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  • Posted By Scott
  • |
  • Oct 04, 2016

Condominium Security – An Initial look at the Video Surveillance System (VSS)

Condominium Security – An Initial look at the Video Surveillance System (VSS)

For most Condominiums, the major components of the Security Solution include access control (key for a few older condominiums, but mostly fobs for the newer ones) and the security video system. The access control system is used to Delay (and restrict) access to the building, where the camera system (hereafter referred to as VSS or Video Surveillance system) is used to Detect any unwanted intrusion to the property.

Previously, we were approached to put together a proposal to recommend locations of security cameras within a condominium. We may have taken ourselves out of the competition by asking too many questions, but it is critical that the cameras be integrated properly into the security solution.

Our experience is that, too often, the budget is approved to purchase cameras, but there may not be enough consideration given to the calibre of the camera. To paraphrase, “not all cameras are created equal”, and the condominium may not need the same camera in each location. Often, the selection of the camera type is left up to the third party contractor supplying the camera. While they are certainly experts in the camera’s capabilities, they may not understand the condominium culture and building requirements. The condominium may pay too much for a camera that is overdesigned for the location, or it may install a camera that does not have the capabilities to perform in the manner needed by the corporation.

Questions to consider when installing or upgrading cameras:

1. What is the purpose of the camera (Subject Identification, Action Identification, Scene Identification, etc.)?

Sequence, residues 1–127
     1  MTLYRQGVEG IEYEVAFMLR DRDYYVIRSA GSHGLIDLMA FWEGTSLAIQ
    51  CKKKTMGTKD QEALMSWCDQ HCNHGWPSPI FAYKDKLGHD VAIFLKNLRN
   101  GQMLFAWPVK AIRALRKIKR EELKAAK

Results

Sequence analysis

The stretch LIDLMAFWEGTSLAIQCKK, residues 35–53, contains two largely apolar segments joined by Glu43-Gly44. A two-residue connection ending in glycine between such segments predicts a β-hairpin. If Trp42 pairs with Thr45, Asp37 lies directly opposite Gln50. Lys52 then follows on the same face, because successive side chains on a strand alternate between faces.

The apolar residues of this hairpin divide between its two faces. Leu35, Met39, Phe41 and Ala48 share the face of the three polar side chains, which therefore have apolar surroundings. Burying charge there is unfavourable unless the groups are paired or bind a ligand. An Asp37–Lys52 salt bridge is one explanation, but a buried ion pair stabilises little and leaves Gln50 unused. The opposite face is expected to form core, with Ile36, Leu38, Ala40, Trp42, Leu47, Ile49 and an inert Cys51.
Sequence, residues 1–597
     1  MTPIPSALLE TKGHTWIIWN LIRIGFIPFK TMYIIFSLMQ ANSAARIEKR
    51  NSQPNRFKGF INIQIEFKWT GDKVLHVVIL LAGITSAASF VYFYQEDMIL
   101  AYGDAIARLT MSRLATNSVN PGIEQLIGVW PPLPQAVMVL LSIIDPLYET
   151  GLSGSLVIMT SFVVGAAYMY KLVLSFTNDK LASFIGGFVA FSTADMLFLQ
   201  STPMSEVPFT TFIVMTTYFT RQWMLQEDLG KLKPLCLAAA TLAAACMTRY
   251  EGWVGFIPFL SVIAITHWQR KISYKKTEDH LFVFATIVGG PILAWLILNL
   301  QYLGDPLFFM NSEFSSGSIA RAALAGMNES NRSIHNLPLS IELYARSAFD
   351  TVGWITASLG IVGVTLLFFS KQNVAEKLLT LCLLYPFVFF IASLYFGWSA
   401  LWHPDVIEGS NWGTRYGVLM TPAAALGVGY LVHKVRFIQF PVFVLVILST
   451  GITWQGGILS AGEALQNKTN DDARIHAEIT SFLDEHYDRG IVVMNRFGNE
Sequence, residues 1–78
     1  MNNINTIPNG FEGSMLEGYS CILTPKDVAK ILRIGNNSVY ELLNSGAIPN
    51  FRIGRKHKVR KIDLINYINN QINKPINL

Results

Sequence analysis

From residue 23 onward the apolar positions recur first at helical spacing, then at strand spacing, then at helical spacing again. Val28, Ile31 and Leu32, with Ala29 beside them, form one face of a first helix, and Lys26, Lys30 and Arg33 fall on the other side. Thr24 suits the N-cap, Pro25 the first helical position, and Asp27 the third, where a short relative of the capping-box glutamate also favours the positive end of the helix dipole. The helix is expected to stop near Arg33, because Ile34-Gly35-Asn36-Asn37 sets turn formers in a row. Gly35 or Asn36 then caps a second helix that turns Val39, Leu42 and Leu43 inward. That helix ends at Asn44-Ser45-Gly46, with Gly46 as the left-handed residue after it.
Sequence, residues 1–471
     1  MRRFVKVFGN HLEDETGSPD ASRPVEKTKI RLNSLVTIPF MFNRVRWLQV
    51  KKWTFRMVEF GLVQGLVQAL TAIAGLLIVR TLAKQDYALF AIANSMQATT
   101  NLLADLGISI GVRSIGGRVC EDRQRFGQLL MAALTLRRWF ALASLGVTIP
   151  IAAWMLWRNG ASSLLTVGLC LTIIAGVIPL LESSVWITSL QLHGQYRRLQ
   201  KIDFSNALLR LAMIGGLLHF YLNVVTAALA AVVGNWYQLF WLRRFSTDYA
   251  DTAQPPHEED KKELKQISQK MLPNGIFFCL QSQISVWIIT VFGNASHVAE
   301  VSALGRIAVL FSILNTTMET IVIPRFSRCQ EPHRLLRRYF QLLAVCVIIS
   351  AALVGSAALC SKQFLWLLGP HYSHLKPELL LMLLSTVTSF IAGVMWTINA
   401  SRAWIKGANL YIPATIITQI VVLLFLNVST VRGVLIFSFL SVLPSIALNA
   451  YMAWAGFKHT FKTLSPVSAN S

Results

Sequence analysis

2. Which areas are required to be covered by the cameras?

3. What camera will satisfy the above two points?

ASIS Protection of Assets – Physical Security recommends that organizations take the time to write out the purpose of each camera that is installed or being considered (point#1 above). Some examples may include, but are certainly not limited to:

What is the camera intended to capture?

How will the images that are captured be used?

Who is responsible for testing/checking?

How is the system backed-up?

When looking at point #3, the choice of camera should be considered on the basis of sensitivity, resolution, and many other design factors:

Sensitivity is the minimum amount of light that is required, and will be covered under a future blog dealing with lighting and condominium integration.

Resolution is the measure of picture quality and therefore, determines the picture’s usefulness to the condominium. It is usually expressed in the form of pixels per ft. (or per meter). The resolution levels can range from General (which is approximately 5 pixels per ft.), which can only identify movement, all the way up to Facial Recognition (88 pixels per ft.), which allows excellent resolution, the ability to blow up the picture, and extreme detail.

With the advance of technology, as well as the lowering of costs, Condominiums are now in the position where they can install higher quality cameras in their locations to better serve the corporation. When updating their Reserve Funds, we recommend that condominiums undertake a VSS Review to ensure that, when they replace their cameras, the building receives the best value for their security dollars.

If you have any questions or would like a proposal for your condominium’s Video Surveillance Review, please feel free to contact us at [email protected]